Preparation & Procedure For Conducting Sexually Transmitted Disease (STD) Tests

Submitted on March 27, 2012

What is an Sexually Transmitted Disease (STD)?

An STD or a sexually transmitted disease is an infection which is passed from one person to another through sexual contact. Sexually transmitted diseases are also termed as venereal diseases and may have many manifestations on the body. There are different ways of transmitting these diseases, some of which include vaginal, anal, and oral sex.

In most cases of sexually transmitted diseases, it has been seen that a person who has got infected may not experience any symptoms and often may not even be aware of the infection. The person may therefore potentially infect others.

Contrary to popular belief, STD infections have been in existence for a long time. STD testing of these diseases, however, is relatively newer. Since there are many different STDs, caused by different pathogens that behave differently in the human body, the testing for them also has to be significantly different from each other. There are many different ways in which STD testing can be performed.

Preparation Required For Conducting STD Tests

Typically, when you go to a doctor to test for STD or to discuss the possibility of a sexually transmitted disease, the doctor will ask you some personal questions to assess the possible risk of infection. If you have been indulging in high risk behavior like unprotected sex, sexual intercourse between members of the same sex, or sex with multiple partners, it is possible that you may be infected. Anyone indulging in such high risk behavior is usually tested for Chlamydia and gonorrhea.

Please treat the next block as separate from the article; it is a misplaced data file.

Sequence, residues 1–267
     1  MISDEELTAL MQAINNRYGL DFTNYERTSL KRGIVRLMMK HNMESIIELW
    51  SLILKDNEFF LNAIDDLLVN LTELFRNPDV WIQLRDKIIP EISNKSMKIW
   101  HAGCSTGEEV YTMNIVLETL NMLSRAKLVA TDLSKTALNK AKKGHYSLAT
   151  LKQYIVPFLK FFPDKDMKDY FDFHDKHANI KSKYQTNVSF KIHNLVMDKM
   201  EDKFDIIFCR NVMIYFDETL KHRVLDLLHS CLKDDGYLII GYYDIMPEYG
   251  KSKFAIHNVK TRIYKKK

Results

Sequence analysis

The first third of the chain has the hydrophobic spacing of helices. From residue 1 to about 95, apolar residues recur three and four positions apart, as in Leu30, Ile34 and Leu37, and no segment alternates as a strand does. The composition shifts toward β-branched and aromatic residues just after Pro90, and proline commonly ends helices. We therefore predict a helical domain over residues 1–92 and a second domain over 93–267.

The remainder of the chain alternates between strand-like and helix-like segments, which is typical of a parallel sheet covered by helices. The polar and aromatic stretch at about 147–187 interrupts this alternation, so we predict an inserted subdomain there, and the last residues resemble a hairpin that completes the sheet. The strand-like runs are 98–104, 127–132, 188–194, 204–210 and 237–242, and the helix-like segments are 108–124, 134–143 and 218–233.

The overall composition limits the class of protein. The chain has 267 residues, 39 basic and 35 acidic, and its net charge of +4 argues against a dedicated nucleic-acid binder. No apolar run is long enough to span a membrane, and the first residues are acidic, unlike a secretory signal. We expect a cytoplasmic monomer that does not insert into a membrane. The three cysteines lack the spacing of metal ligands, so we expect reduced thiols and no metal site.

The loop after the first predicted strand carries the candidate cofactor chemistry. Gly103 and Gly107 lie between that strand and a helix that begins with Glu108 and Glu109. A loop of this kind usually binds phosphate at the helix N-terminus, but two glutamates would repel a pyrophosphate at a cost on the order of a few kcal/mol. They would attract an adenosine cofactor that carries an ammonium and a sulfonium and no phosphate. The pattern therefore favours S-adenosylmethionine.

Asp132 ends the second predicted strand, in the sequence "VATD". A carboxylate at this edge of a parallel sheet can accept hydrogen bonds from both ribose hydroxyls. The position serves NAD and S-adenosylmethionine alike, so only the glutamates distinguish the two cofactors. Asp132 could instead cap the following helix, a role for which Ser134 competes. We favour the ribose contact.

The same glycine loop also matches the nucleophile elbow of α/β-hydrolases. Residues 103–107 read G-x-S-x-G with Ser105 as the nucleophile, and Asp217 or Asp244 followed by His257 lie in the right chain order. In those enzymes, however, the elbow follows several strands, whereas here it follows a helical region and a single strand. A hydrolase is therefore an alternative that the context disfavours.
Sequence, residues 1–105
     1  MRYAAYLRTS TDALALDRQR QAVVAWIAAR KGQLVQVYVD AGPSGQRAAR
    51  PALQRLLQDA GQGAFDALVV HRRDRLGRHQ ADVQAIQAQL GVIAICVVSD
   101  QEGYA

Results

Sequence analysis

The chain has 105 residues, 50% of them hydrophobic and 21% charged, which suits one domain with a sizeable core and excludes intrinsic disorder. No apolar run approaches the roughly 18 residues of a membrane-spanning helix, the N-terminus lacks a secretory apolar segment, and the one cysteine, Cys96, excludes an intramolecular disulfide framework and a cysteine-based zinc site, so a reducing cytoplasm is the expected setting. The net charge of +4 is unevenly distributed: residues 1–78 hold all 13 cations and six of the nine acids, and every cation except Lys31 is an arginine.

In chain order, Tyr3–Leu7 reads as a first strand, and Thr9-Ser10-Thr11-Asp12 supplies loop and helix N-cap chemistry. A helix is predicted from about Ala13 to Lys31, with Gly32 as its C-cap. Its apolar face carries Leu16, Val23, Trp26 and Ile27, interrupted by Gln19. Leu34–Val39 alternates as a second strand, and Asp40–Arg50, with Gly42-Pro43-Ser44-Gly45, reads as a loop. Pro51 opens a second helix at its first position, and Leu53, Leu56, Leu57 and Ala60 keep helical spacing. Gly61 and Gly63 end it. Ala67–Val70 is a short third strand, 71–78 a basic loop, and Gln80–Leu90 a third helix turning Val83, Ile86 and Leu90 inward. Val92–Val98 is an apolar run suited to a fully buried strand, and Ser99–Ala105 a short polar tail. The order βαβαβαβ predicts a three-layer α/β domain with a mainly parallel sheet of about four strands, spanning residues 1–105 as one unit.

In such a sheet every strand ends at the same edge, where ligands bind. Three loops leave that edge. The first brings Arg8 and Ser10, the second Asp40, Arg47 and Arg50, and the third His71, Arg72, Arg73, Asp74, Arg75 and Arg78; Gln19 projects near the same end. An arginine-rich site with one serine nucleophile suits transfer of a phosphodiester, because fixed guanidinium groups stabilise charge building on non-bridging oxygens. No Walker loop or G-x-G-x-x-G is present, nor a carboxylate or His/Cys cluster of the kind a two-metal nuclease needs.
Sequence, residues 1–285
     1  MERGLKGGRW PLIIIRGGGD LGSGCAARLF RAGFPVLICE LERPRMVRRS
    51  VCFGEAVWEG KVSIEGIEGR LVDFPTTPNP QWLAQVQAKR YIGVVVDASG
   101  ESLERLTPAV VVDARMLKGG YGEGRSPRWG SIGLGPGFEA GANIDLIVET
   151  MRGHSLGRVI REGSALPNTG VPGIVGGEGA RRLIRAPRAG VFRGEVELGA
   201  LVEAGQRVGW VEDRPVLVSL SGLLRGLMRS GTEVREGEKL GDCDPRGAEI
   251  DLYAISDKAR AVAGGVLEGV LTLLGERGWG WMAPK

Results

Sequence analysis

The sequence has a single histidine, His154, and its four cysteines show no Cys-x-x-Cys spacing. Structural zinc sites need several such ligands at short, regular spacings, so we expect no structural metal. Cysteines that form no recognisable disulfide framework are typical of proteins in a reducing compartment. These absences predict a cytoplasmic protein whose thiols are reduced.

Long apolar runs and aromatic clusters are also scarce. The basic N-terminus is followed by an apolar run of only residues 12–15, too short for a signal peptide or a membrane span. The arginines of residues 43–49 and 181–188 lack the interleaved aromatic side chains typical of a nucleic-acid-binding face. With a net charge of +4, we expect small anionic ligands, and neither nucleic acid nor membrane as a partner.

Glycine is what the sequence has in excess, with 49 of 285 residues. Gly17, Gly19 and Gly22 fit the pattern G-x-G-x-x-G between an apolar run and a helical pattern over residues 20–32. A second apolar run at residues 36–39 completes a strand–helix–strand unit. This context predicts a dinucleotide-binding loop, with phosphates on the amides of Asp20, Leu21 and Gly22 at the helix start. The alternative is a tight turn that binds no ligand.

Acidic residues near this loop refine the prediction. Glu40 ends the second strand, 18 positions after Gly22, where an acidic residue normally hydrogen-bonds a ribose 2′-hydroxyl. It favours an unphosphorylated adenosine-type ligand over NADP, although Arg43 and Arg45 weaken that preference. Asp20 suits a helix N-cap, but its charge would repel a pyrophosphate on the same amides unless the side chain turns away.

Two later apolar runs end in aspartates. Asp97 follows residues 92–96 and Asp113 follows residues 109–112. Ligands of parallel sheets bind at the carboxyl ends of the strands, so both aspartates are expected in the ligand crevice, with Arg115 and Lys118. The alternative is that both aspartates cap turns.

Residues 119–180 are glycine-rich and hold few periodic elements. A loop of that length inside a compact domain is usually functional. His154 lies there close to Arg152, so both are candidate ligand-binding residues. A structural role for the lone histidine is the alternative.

The doctor will then proceed to enquire about specific symptoms. Based on these symptoms, you will be asked to get yourself tested. In some cases, STD tests may be required on a regular basis. Inmates of state prisons, women who are trying to conceive or who are pregnant, women who are breast feeding, and men who perform high risk sexual activities with other men should also get themselves checked routinely.


In many sexually transmitted diseases, it is also necessary to undergo a physical examination. Unfortunately, sexually transmitted diseases are considered a taboo and therefore many times people who are infected do not speak up because they are scared of social disapproval. Some of the most commonly used tests for various STDs are swabs from the urethra of men and cervix of women, urine tests, blood tests, gram stain, testing of sores and lesions, blood tests to investigate the presence of antibodies, and the more popular tests for AIDS-ELISA and Western Blot tests.

Most of these tests are screening tests. These STD test results only tell you about the presence of an infection. More complicated and exacting testing for STD may be performed later.